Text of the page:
Saturday, November 26, 2011

A big Thanksgiving for opponents of fracking, power line


If environmentalists were pleasantly surprised last week when an expected vote to allow the use of fracking to extract natural gas in the Delaware River basin was blocked [Fracking foes celebrate a win but cannot declare victory] they had to be stunned days later when a federal agency delivered a totally unexpected Thanksgiving gift.

Standing up to a formidable array of political interests, including electric power companies in Pennsylvania and New Jersey, the governors, lawmakers and regulators in both states, operators of the PJM Grid, and even the liberal editorial writers at the (Newark) Star-Ledger, the relatively puny National Parks Service recommended that a proposed high-power line through the Delaware Water Gap not be built.

Environmentalists and residents living along the line's route in both states have been fighting against the proposal for more than a year, claiming that doubling the existing line's capacity from 230 kilovolts to 500 kilovolts, and carrying that power load on new towers some 165 to 190 feet taller than the exiting 65 to 80 foot structures, would create a visual and environmental scar, especially through the Delaware Water Gap Recreation Area.

Star-Ledger graphic by Frank Cecala
















The opponents had been vigorous in their protests despite a long series of setbacks in both states. But they sunk into a resigned slump back in October when Interior Secretary Interior Secretary Ken Salazar announced that the Obama Administration had selected the project as one of several to "fast track."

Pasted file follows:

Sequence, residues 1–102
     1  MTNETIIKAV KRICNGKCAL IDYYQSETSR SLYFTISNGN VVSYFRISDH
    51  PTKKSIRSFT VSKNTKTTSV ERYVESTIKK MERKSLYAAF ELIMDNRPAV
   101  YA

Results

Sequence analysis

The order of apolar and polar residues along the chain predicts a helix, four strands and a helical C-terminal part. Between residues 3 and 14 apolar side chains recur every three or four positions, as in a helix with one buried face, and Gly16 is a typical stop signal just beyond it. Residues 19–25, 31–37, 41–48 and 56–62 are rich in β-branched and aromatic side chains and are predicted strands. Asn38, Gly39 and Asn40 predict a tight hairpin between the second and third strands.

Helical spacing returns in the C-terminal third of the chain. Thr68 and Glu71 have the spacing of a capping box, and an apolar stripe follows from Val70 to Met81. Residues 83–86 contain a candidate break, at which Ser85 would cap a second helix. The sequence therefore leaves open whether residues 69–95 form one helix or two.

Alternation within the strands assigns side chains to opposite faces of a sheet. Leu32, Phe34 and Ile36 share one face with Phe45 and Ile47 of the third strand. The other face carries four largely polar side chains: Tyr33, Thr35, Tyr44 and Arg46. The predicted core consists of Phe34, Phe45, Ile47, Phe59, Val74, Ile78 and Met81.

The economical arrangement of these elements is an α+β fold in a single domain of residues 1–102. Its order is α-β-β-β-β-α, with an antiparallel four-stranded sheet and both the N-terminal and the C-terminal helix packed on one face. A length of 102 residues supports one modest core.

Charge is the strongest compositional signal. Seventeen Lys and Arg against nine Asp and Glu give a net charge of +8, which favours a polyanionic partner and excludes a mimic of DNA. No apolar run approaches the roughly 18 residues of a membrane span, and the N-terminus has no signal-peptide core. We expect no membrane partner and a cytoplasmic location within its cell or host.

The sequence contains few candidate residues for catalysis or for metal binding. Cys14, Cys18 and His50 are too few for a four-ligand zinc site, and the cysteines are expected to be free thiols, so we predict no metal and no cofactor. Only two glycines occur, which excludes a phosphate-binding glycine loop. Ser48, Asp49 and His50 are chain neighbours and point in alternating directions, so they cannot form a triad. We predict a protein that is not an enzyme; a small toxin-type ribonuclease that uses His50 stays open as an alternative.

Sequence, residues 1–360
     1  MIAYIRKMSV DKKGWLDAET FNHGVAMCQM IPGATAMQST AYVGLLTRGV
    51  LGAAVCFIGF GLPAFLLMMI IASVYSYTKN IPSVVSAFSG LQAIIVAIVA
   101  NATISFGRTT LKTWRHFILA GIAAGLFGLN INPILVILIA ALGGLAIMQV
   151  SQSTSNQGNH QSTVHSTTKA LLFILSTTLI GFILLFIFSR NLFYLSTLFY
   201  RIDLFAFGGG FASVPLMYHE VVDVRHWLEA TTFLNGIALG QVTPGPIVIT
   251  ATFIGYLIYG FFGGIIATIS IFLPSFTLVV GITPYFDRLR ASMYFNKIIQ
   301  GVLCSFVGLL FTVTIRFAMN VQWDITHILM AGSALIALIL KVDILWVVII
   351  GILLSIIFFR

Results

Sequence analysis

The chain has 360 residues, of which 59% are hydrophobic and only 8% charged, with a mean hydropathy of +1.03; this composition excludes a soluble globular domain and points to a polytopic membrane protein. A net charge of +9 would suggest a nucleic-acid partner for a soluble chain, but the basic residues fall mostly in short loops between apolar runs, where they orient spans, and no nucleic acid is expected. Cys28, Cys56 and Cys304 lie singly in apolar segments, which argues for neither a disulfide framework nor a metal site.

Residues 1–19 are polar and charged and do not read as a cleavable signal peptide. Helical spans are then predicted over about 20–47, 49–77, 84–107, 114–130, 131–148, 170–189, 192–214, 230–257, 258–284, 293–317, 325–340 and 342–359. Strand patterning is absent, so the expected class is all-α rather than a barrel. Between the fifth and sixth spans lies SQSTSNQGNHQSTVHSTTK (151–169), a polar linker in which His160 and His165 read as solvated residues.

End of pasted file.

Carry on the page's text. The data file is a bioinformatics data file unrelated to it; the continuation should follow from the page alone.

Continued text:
The enviros took Salazar's announcement as a signal that the President, with re-election looming, had decided in favor of economic development over environmental protection and that they, essentially, were screwed.

Event the Star-Ledger declared in a Nov. 9 editorial: New Susquehanna-Roseland power line must be built.

"You have to have some sympathy for them. This line will be ugly and sections will stretch nearly 200 feet tall, dwarfing the existing line. As it winds through the Highlands region, it will tarnish unspoiled views.

"But the hard fact is that New Jersey needs this line, or we will soon be at risk of brownouts and blackouts. Imagine how helpful that would be to the region’s economy, to the quality of life and to public safety. Let’s face it: We need the juice."

So, as we said at the start, the National Park Service's  recommendation was more than surprising.

"Very unusual" is how Julia Somers, executive director of the Highlands Coalition, described it
"It was gutsy of the NPS to have taken this position." 
 

The recommendation, however, does not end the controversy.

While choosing a 'no build' alternative among six options considered in its draft environmental impact study, the National Park Service noted that a final decision won't come for a year.

In the meanwhile, it plans three public hearings on its recommendation:
  • Jan. 24 at the Fernwood Hotel on Route 209 in Bushkill, Pa.
  • Jan. 25 at the Stroudsmoor Country Inn in Stroudsburg, Pa.; and 
  • Jan. 26 at the Farmstead Golf and Country Club on Lawrence Road in Andover. 

Public comment is to be accepted through Jan. 31. The full study and information on submitting comment can be accessed here

Related:
Susquehanna-Roseland power line faces one more round of scrutiny
Park Service's final decision on power line a year away
National Park Service Opposes New Power Lines in the Delaware Water Gap

National Park Service: Susquehanna-Roseland line best for environment if not built


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